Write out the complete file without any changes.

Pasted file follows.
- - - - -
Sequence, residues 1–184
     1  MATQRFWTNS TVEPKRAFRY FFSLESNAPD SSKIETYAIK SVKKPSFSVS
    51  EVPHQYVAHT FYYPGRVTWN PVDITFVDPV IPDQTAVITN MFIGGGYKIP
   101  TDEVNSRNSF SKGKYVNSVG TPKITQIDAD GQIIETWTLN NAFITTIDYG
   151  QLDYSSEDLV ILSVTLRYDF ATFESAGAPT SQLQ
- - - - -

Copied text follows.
Sequence, residues 1–184
     1  MATQRFWTNS TVEPKRAFRY FFSLESNAPD SSKIETYAIK SVKKPSFSVS
    51  EVPHQYVAHT FYYPGRVTWN PVDITFVDPV IPDQTAVITN MFIGGGYKIP
   101  TDEVNSRNSF SKGKYVNSVG TPKITQIDAD GQIIETWTLN NAFITTIDYG
   151  QLDYSSEDLV ILSVTLRYDF ATFESAGAPT SQLQ